Cagnes, Landscape in Stormy Weather (1917) by Henri Matisse

Cagnes, Landscape in Stormy Weather - Henri Matisse - 1917

Artwork Information

TitleCagnes, Landscape in Stormy Weather
ArtistHenri Matisse
Art MovementExpressionism

About Cagnes, Landscape in Stormy Weather

The artwork titled “Cagnes, Landscape in Stormy Weather” was created by Henri Matisse in 1917. This piece is an embodiment of the Expressionism art movement, which is evident in its representation of the landscape genre. As with many expressionist works, Matisse’s interpretation of the landscape is not merely a literal depiction but an emotional rendering that communicates the mood and atmosphere of the scene.

Examining the artwork reveals a dynamic and tempestuous sky, laden with heavy, brooding clouds that dominate the upper portion of the composition. Their grey and purple hues suggest an imminent deluge, a common characteristic of stormy weather. Beneath this foreboding sky, the landscape is rendered in robust, earthy tones, and the vegetative forms appear to be bracing against the impending storm. The color palette is both vivid and arresting; it effectively communicates the charged atmosphere of the scene, with contrasting warm and cool tones that amplify the sense of unrest within nature.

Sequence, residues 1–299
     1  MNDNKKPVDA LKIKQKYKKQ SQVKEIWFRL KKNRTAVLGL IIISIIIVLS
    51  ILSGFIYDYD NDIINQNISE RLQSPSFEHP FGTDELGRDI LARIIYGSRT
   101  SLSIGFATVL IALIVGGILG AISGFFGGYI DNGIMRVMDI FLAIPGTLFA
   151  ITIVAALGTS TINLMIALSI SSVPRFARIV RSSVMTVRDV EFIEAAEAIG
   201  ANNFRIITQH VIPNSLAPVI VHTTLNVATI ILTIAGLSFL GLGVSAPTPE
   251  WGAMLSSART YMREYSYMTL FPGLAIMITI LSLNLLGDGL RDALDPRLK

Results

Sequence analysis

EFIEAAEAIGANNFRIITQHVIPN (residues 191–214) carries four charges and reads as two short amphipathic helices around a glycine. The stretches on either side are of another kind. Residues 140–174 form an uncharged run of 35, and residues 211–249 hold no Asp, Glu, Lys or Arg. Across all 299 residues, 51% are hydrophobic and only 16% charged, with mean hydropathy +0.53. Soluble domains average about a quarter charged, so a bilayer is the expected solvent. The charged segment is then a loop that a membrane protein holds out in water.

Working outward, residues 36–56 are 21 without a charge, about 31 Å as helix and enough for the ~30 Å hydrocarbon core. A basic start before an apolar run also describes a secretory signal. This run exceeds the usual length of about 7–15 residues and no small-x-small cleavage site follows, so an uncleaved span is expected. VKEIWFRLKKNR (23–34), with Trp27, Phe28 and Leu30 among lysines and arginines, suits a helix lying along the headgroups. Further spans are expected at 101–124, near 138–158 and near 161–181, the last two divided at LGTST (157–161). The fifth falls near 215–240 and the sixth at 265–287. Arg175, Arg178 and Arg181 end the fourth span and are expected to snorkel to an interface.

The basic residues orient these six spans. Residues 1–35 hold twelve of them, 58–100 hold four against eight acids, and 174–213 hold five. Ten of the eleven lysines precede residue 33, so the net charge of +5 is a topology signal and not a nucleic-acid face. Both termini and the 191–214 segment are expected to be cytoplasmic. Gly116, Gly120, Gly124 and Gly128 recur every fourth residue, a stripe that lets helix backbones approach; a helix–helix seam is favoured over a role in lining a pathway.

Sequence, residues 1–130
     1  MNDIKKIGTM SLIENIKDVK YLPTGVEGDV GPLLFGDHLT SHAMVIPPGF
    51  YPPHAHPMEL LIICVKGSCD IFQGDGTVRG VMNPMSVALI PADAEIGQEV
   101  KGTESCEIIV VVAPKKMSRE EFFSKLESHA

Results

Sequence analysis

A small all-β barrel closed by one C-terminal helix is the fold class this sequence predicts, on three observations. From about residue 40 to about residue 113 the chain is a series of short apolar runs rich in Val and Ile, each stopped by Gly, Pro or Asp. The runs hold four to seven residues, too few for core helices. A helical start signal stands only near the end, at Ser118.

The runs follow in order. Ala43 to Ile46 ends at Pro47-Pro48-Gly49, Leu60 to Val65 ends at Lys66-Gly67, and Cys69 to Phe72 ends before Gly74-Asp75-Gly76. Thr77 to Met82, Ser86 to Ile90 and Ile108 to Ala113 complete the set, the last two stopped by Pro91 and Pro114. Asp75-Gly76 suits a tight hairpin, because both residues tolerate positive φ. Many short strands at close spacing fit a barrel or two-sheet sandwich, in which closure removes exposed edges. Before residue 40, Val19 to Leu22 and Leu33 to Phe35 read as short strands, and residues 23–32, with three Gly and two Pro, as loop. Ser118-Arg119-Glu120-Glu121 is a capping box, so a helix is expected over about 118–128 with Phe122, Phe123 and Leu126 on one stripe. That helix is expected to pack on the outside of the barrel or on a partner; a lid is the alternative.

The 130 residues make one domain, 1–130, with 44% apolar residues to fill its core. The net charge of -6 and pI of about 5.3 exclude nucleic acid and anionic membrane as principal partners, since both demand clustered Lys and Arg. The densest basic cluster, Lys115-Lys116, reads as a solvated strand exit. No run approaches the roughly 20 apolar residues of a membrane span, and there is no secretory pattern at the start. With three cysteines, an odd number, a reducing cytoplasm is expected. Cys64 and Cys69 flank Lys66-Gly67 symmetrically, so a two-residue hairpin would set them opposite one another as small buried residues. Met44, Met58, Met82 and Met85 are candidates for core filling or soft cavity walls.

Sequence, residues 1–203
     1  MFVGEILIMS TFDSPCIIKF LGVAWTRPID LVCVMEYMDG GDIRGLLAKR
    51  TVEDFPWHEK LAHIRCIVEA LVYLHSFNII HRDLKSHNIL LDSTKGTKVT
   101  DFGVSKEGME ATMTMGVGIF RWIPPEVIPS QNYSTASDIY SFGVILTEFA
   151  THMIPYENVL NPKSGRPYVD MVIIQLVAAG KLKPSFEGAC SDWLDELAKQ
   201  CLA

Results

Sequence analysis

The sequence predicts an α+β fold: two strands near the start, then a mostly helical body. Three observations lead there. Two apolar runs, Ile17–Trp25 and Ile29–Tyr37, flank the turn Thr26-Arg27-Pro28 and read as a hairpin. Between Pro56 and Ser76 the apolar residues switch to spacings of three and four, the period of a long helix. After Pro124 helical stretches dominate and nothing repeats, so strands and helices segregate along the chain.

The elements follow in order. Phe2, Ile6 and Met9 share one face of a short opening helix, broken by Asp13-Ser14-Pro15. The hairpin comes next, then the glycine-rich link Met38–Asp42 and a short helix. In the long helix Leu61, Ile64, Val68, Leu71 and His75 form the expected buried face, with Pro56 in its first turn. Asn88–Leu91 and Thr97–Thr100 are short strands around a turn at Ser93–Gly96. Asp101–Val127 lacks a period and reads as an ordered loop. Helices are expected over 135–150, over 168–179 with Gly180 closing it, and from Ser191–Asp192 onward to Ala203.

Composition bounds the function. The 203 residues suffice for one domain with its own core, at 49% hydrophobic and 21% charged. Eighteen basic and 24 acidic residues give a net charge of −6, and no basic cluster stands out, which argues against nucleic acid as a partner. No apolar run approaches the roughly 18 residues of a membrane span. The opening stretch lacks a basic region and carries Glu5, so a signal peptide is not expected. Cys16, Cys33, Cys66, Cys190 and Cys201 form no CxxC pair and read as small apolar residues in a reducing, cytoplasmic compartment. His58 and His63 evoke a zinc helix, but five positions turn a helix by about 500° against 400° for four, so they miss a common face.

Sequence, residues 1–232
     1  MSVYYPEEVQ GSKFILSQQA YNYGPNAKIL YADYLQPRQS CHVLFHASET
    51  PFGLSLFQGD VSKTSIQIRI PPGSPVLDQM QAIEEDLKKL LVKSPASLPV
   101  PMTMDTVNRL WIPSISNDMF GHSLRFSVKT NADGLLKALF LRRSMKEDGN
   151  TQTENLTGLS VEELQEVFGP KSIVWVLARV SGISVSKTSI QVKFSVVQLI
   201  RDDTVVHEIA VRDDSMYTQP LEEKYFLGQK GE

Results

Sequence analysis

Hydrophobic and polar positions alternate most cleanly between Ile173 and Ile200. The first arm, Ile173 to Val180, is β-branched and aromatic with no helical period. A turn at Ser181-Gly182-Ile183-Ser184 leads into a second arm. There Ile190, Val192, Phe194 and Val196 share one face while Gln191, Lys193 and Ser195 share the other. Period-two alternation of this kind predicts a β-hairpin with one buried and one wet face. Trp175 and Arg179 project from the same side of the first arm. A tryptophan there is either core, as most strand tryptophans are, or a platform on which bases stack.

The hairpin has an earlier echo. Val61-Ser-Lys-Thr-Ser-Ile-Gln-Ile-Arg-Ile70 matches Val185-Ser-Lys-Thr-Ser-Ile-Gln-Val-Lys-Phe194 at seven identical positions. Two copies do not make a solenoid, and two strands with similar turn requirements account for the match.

In the middle ground of the artwork, undulating terrain suggests the rolling hills that are characteristic of certain landscapes, possibly alluding to the topography found in the south of France, near Cagnes. Sharp, almost aggressive strokes define the foliage, adding to the overall sense of turbulence that pervades the scene. It is clear that Matisse has prioritized the emotional resonance of the landscape over the precise replication of its physical features. Through this expressionistic approach, the artwork becomes a powerful evocation of the natural world’s capacity for both beauty and fury.

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